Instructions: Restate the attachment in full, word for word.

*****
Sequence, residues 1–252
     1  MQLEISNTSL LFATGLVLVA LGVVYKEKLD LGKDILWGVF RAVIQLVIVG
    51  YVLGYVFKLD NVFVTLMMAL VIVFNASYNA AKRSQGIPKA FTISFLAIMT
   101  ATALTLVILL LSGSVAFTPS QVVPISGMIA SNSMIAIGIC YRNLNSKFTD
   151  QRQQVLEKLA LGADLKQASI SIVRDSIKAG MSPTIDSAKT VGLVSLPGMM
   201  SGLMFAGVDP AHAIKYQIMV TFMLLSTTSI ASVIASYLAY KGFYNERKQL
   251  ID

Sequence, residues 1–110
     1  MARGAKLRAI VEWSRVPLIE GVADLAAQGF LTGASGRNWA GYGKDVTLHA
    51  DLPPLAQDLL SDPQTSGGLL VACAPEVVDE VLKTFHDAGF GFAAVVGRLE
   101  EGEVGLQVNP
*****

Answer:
Sequence, residues 1–252
     1  MQLEISNTSL LFATGLVLVA LGVVYKEKLD LGKDILWGVF RAVIQLVIVG
    51  YVLGYVFKLD NVFVTLMMAL VIVFNASYNA AKRSQGIPKA FTISFLAIMT
   101  ATALTLVILL LSGSVAFTPS QVVPISGMIA SNSMIAIGIC YRNLNSKFTD
   151  QRQQVLEKLA LGADLKQASI SIVRDSIKAG MSPTIDSAKT VGLVSLPGMM
   201  SGLMFAGVDP AHAIKYQIMV TFMLLSTTSI ASVIASYLAY KGFYNERKQL
   251  ID

Sequence, residues 1–110
     1  MARGAKLRAI VEWSRVPLIE GVADLAAQGF LTGASGRNWA GYGKDVTLHA
    51  DLPPLAQDLL SDPQTSGGLL VACAPEVVDE VLKTFHDAGF GFAAVVGRLE
   101  EGEVGLQVNP